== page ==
Sarah and I walked around the neighborhood that afternoon, taking pictures and enjoying the change of pace. There were only a few cars on the streets; people brought out whatever makeshift sleds they could find — we saw garbage can lids, plastic bags — even a cookie sheet was pressed into service. People were friendly, perhaps because the only ones out wandering the streets were those who were determined to enjoy it. We devoted the rest of our day to drinking tea, and watching the snow accumulate outside our windows. After night fell it grew even more peaceful. The snowflakes fell past the streetlights in endless succession.

Early Thursday morning the freezing rain hit. This is hardly a positive thing from a practical standpoint — a snowy road merely wants to impede your uphill progress, whereas an icy road actively tries to kill you. It causes power outages and property damage from ice-clad tree limbs breaking. However, from a photographic perspective, the thin layer of ice adds a new vibrancy to everything, refracting light at the edges of all the plants, preserving the delicate forms in clear amber. Against the white of the snow, and the shadows of trees and buildings, it's perfectly irresistible.

So I went on a meandering walk to our local tea haunt, Teahouse Kuan Yin. On the way there, I stood beneath a large cedar tree, trying to find a picture of ice on its leaves. At the time, the major precipitation was small, light ice pellets instead of snow, and I noticed that the tree gave no protection against them. Unlike rain and snow, which change their character as they fall against a tree, accumulating on the edges, or coalescing into bigger drops, the ice pellets just bounced through it like a giant rain stick. They made a sound, too, a light rattle, a little like falling grains of sand. I thought of the tree as an hourglass, slowing time for the ice crystals on their way toward the ground, and it was strange and otherworldly.

The one thing I regret is that I didn't have skis. When I walked up near Fremont Peak Park, I felt that the most amazing thing would be to ski the backstreets of Upper Fremont, to glide past parked cars and around the traffic circles, and then fly down the slopes of Fremont's ridgeline. I hope I'm prepared the next time we get snow like this.


Thursday, May 20th, 2010

Seattle is still shining, the towers lit up by sunlight across the Sound. It's dusk here at the apartment, but Seattle has a straight shot to the West, past the Olympics. Our view of the Sound is blocked by the hill. We got engagement photos shot in a park there on Queen Anne Hill as the clouds burst over the Sound. The sheets of rain came closer, and the wind tossed our hair out behind us. It is a beautiful park, looking down at a surprising angle into the heart of downtown, with the Space Needle out in front. Whenever at dusk the city still holds the red glow of sunset I think of that park, and the hidden geography made visible by light.

Mountainous Thoughts

Wednesday, January 13th, 2010

One of the great things about our apartment is that we have an excellent view of Mt. Rainier. On clear days it provides a nice backdrop to the skyscrapers. Even on cloudy days we can often see the snowy lower slopes beneath the overcast.

I was wondering to myself why this was possible in Seattle, where Mt. Rainier is in the vicinity of 50 miles away, but not in Portland, where Mt. Hood is a mere 30 miles away. (These are straight line distances estimated using Google Maps.) Rainier is about 3000 feet taller than Hood, but I wouldn't think that would affect the visibility of the slopes. Both cities are at approximately the same elevation.

The only explanation that I can come up with is that since Rainier rises much more quickly out of the surrounding landscape, the clouds have the opportunity to bunch right up against it. In Portland you have foothills for quite a ways, and the clouds bunch up against hills that are much farther away from the mountain. Nice and simple, at least.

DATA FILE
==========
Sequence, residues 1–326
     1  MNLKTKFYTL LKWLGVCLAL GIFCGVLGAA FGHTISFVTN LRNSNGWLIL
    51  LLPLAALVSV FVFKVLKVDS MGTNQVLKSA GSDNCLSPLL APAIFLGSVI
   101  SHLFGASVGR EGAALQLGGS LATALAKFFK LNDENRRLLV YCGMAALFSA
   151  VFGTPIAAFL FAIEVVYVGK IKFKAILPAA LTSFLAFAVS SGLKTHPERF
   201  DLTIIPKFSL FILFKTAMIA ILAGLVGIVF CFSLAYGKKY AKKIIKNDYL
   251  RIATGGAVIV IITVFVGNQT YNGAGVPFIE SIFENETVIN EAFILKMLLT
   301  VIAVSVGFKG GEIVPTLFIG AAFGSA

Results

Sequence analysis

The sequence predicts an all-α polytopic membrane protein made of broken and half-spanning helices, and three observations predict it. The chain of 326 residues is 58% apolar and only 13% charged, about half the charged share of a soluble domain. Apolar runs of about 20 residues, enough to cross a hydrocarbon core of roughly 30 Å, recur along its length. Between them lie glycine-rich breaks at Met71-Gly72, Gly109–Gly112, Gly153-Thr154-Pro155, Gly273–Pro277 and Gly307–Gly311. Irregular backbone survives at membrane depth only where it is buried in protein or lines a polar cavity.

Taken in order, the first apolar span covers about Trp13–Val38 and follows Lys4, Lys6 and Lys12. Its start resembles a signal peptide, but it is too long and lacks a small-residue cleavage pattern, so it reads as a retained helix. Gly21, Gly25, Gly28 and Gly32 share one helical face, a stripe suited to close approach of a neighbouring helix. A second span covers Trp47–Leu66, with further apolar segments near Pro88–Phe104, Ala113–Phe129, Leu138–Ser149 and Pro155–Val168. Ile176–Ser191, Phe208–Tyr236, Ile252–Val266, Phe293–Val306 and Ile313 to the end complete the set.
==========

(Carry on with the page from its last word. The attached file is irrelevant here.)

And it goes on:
Really, I'm not sure. I would like to know, but I wouldn't know who to ask. It could even be that I just have more experience with Mt. Rainier, because of the location of our apartment. So, anyone remember whether the same effect occurs in Portland? Can anyone offer validity to my interpretation, or an alternate explanation?


Monday, November 9th, 2009

As of October 25th, 2009, Sarah and I are engaged to be married.

We proposed to each other early in the morning on a beach on Puget Sound, and exchanged simple hammered bands of sterling silver. This was the culmination of a camping trip to Deception Pass State Park, a beautiful landscape of rugged cliffs and wind-blown fir trees, rocky beaches tucked in between headlands.

We celebrated that day by exploring Seattle: we shared a tea service at Remedy Teas; we wandered the streets of Chinatown and peeked into the busy markets; we explored the nooks and crannies at Elliott Bay Book Co; we visited Discovery Park for the first time, and looked out over the Sound towards the Olympics; we dined at Brad's Swingside Cafe; finally, we returned home to sit by a crackling fire and read, snuggled up in blankets.

It has long been our desire to honeymoon in the Canadian Rockies. Since next summer is already incredibly busy for a time most of a year away, we are planning the wedding ceremony for late July of 2011. This will hopefully give us time to reduce (though by no means eliminate!) the hectic nature of wedding planning, and allow our friends and family time to plan around it.

We think of our wedding as a time to celebrate with the community and proclaim our commitment to each other. It is a symbol of our futures entwined.

Our love goes out to all of you (but most of all to each other).

Halloween 2009

Sunday, November 1st, 2009

Halloween was pretty awesome this year. We went to a farm to get apples, which we made into juice upon our return. On the drive back we saw a bunch of kids in crazy costumes. Little ladybugs, princesses, and giraffes. The highlight was two parents who dressed up as bunny rabbits; the kid who sat on his dad's shoulder was a little carrot.

Aaron, Cami, Sarah, Paff and I carved awesome pumpkins: a crazy face, a kitty, a spider, a zombie turnip, and a velociraptor, respectively. Soren, Alice and Austin came over to watch Evil Dead II with us. Then we all went home and slept.

Next year's pumpkin: Escherinspired.

Technology Update

Sunday, October 25th, 2009

Fireplaces are perhaps the cleverest invention yet. Soon I will have to get an axe so that I can split more kindling. Another clever invention: the axe.

Early Seattle Photosets

Monday, September 28th, 2009

Pictures have finally arrived! Two photosets: one from moving and getting settled; the other from a picnic to Gas Works Park. They are taken with my lovely new Nikon d90. After a long time drooling over DSLR cameras, now I finally have one. So I may post more pictures than usual.